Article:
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After using the Leeds City Council website for the first time, I thought its navigation was difficult to use. I decided to carry out some user testing to see if I could uncover any issues.
For a large city like Leeds, a council website provides vital services for many people. If people aren't willing to use online services because they are poorly designed, it can put strain on other resources such as telephone lines. Even if people are willing to struggle through, the bad experience can have an impact on their opinion of their council.
I sent out a survey asking people to name tasks they had used council websites for in the past, and then picked five of them at random:
I had three participants work through these tasks on the Leeds City Council website, and asked each of them to think aloud while they did it.
There were a number of problems with the main navigation:
One participant struggled with the navigation constantly - They did not know "Residents" would take them to the home page when they wanted to start a new task. This participant instead kept clicking on "Where I live" and "Your Council", which did not work for their needs.
This was commented on directly by another participant, who said that "Residents" was "not very clear" as a link back to the home page, and only tried it as a last resort.
A participant was forced to use the offered web chat function when they could not find the page they were looking for. If someone is employed to answer navigation questions, I'd argue a redesign is worth the money.
Leeds City Council is separating its website into services for Residents and Business Owners, among others. However, business owners are also residents, and residents make up a far larger proportion of the population than business owners. As a quick fix, the "Residents" navigation title should be changed to "Home".
On the home page, the main navigation is supported by tiles showing popular tasks, and a "See our services" button:
At first glance, two of three participants missed the "See our services" button, which allows them to see the full list of services. My assumption is that the button's dull brown is overpowered by the more colourful graphics below, making it easy to miss. Although out of the scope of this project, redesigning that action to be more noticeable and testing it with more participants would help test this assumption.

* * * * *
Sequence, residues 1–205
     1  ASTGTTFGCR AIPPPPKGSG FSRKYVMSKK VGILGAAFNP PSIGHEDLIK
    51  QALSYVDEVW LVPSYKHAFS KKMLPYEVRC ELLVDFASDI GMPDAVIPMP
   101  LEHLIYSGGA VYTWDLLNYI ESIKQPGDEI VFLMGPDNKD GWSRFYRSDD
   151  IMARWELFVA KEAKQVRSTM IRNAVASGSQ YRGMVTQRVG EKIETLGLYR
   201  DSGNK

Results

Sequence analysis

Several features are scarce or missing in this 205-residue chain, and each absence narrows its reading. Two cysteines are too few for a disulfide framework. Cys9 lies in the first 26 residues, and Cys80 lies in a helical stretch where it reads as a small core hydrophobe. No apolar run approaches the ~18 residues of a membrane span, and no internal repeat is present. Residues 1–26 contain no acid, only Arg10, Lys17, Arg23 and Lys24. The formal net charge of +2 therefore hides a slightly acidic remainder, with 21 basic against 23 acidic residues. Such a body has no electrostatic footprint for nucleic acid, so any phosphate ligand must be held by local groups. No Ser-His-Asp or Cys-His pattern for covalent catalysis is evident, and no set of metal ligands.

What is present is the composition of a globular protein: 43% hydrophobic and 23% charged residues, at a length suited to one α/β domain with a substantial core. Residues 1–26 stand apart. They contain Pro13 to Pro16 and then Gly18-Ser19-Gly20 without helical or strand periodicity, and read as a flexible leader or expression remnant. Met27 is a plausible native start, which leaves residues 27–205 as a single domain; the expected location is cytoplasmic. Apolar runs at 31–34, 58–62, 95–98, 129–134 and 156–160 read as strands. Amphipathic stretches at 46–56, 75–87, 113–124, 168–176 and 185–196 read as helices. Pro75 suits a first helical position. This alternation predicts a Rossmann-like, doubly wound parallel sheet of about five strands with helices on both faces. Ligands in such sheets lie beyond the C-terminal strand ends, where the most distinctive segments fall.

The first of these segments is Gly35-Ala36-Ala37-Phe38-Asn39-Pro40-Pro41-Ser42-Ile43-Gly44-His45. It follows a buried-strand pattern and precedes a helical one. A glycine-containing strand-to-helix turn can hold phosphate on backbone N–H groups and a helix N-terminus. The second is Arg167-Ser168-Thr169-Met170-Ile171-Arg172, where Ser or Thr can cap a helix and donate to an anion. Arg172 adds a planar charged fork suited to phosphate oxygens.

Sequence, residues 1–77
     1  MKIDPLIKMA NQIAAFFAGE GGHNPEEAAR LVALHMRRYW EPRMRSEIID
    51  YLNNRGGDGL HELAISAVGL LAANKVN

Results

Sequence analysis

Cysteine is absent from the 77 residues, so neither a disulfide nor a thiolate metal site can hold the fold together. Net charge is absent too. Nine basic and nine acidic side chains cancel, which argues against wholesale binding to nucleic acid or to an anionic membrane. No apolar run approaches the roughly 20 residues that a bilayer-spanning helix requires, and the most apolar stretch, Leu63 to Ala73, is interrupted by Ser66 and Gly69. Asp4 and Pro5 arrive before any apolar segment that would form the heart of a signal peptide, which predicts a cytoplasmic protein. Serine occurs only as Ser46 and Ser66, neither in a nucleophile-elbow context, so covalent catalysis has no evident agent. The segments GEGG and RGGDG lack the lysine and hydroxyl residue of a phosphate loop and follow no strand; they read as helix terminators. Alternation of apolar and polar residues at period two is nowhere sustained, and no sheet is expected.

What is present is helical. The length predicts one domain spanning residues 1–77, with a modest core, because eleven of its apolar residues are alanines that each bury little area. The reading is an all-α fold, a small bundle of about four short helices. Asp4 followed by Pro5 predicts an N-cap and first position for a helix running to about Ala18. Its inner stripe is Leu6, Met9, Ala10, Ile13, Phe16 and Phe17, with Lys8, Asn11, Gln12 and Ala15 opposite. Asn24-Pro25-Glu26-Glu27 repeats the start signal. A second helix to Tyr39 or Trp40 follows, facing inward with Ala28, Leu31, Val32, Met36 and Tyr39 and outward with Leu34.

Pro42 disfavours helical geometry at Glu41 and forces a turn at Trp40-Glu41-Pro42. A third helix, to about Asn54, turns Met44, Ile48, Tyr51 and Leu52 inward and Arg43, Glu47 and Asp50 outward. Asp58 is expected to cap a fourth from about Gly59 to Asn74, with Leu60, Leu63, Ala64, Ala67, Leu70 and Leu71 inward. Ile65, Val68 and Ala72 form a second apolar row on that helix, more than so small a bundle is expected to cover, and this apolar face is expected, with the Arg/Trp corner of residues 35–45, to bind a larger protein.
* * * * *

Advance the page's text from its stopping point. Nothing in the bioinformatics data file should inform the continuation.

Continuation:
The final task caused a lot of problems. It took some participants longer than others, but all of them eventually found the "Get rid of unwanted items" page. Here, they can book a bulky items collection by the council:
None of the participants noticed the link labelled "remove items from domestic properties" to start with, and one participant left and returned to this page three times before noticing it.
I believe there are two factors at work here:
To test these assumptions, I redesigned the page, to make it easier for people to find the option that is right for them:
This redesign is based on two principles:
I created a clickable prototype and tested it with three new participants, giving them the following task: "You have a broken refrigerator and you want to book a collection so that the council will come and get it."
The results were positive, and confirmed some previous findings:
I sent these findings to the Leeds City Council web team, but they unfortunately never responded to me.
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